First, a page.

DRUG-FREE WORKPLACES – Accredited service providers vs non-accredited service providers

In October 20194 MinutesBy NZ Trucking magazineNovember 11, 2019

When it comes to hiring a service provider, I always do two things: I check their track record and check their certifications and accreditations. While the first one is a no-brainer for most C-suite decision-makers, the second is often overlooked. Accredited professionals bring systems, processes and technologies to work that have been checked and vetted by independent, third-party organisations, governing bodies and other experts in their fields. Let me ask you this: if your kid‘s car needed new brakes would you prefer a mechanic or an MTAcertified mechanic? If your home needed rewiring would you prefer a handyman or a certified master electrician?

Using accredited professionals of any kind delivers long-term financial value as well as protecting a business and its reputation. The primary focus of a workplace drug-testing company should be on testing people and maintaining safe working environments. In our experience, when a workplace drug test fails, a business must deal with one of three outcomes:
• A drug or alcohol affected employee remains on the job, increasing the risk of injury or even a death in the workplace.
• A false test means a clean employee receives disciplinary action, and the company may be exposed to legal proceedings.
• An incident has happened, and the test, tester, and the testing processes will not withstand a legal challenge.

No business wants to be in any of these situations, which is why any workplace drug testing company must be independently accredited by International Accreditation New Zealand (IANZ) under ISO 15189:2012 accreditation for workplace drug testing. If the company also operates across the Tasman, it should also be certified in Australia under National Association of Testing Authorities, Australia (NATA). The ISO 15189:2012 accreditation, which is externally audited, also denotes that the medical laboratories meet rigorous national and international standards in quality management and competence. What all that means is that when a workplace drug tester screens for drugs and takes a sample in New Zealand or Australia, everything it does is by the book and meets the necessary standards to ensure its tests, processes, and the technologies used to carry them out, deliver the best results in the industry. Accreditation means the delivery of industryleading testing, results, and a product that will hold up if lawyers get involved.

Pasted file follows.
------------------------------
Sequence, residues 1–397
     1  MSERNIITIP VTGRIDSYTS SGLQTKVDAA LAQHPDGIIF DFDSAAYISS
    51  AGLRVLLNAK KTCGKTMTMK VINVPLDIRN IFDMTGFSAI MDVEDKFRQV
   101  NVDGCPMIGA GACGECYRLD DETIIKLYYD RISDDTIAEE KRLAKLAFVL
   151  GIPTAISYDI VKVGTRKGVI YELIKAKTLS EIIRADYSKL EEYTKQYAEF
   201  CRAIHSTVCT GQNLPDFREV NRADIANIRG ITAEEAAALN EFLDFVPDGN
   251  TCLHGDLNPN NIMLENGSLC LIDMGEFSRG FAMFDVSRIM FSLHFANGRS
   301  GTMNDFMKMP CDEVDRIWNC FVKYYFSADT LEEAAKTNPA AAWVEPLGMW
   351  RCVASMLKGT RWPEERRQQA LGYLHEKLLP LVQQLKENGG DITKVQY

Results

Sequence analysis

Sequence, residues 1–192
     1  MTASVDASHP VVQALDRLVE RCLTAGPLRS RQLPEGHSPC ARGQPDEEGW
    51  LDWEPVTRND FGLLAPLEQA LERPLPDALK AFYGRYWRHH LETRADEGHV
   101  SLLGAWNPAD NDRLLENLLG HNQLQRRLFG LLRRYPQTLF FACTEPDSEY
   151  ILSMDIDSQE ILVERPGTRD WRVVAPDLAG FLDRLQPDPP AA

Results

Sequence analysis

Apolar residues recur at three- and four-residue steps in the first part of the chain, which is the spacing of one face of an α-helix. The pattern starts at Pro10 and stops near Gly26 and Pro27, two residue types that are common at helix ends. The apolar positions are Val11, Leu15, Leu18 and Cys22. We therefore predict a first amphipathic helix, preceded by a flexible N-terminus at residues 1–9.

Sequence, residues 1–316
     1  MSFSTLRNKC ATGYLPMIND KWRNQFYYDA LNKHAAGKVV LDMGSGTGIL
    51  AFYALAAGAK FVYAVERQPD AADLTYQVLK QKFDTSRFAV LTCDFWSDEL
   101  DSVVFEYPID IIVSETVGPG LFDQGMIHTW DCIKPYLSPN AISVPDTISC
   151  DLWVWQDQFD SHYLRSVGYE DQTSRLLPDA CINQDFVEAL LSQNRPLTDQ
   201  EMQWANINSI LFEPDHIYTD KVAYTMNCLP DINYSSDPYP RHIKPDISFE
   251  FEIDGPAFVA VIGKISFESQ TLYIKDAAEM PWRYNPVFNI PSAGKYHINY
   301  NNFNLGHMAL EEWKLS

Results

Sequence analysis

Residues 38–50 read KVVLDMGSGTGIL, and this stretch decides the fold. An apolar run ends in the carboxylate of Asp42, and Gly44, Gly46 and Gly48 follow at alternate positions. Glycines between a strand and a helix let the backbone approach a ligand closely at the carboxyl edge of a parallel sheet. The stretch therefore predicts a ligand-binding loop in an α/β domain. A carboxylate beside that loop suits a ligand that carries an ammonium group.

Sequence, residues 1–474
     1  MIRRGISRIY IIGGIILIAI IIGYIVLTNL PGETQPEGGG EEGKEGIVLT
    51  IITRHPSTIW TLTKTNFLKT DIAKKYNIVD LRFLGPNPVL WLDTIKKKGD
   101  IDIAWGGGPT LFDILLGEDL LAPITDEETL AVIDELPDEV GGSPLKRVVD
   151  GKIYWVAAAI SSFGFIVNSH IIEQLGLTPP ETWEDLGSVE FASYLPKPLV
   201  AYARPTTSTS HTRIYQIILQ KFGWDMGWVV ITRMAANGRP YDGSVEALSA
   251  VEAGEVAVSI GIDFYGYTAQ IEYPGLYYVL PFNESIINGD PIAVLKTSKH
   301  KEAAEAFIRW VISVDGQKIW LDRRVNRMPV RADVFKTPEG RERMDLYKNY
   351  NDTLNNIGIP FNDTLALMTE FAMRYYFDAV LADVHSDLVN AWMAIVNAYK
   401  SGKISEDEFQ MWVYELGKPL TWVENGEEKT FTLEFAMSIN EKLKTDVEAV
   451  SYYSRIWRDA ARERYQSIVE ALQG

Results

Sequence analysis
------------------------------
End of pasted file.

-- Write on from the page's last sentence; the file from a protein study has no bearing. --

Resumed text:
At TDDA accreditation is taken extremely seriously and the association has urged government action for the regulation and accreditation of testers nationwide. There‘s no room for low-grade, error-prone testing devices. There‘s no room for poor policies that can expose a person to false testing results, breaches of privacy, and the potential for loss of work or income. There‘s no room for cowboy operators in this industry, and businesses should avoid them – or risk financial and reputational damage.

It‘s worth noting that Rod Dale, group technical manager, TDDA, and Armin Kiani, chief toxicologist, TDDA-Omega Laboratories, were part of the New Zealand, Australian standards committee that updated the 2019 Detection of Drugs in Oral Fluids standard (AS/NZS 4760- 2006) to the new 2019 version. TDDA is also happy to say that since the release of the new Oral Fluids standard in March 2019, it‘s received a number of enquiries into the technology and how it can assist companies achieve better outcomes from their testing programmes. Accreditations and certifications equate to quality testing processes and reliable, accurate, ethical and competent drug testers who are committed to helping keep New Zealand workplaces safer.